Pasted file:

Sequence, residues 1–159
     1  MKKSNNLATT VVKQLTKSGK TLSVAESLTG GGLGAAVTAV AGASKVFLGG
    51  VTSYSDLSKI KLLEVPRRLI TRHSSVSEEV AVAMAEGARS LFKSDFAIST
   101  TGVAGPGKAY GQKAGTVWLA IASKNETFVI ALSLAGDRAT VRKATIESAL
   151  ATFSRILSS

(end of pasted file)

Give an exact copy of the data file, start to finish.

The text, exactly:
Sequence, residues 1–159
     1  MKKSNNLATT VVKQLTKSGK TLSVAESLTG GGLGAAVTAV AGASKVFLGG
    51  VTSYSDLSKI KLLEVPRRLI TRHSSVSEEV AVAMAEGARS LFKSDFAIST
   101  TGVAGPGKAY GQKAGTVWLA IASKNETFVI ALSLAGDRAT VRKATIESAL
   151  ATFSRILSS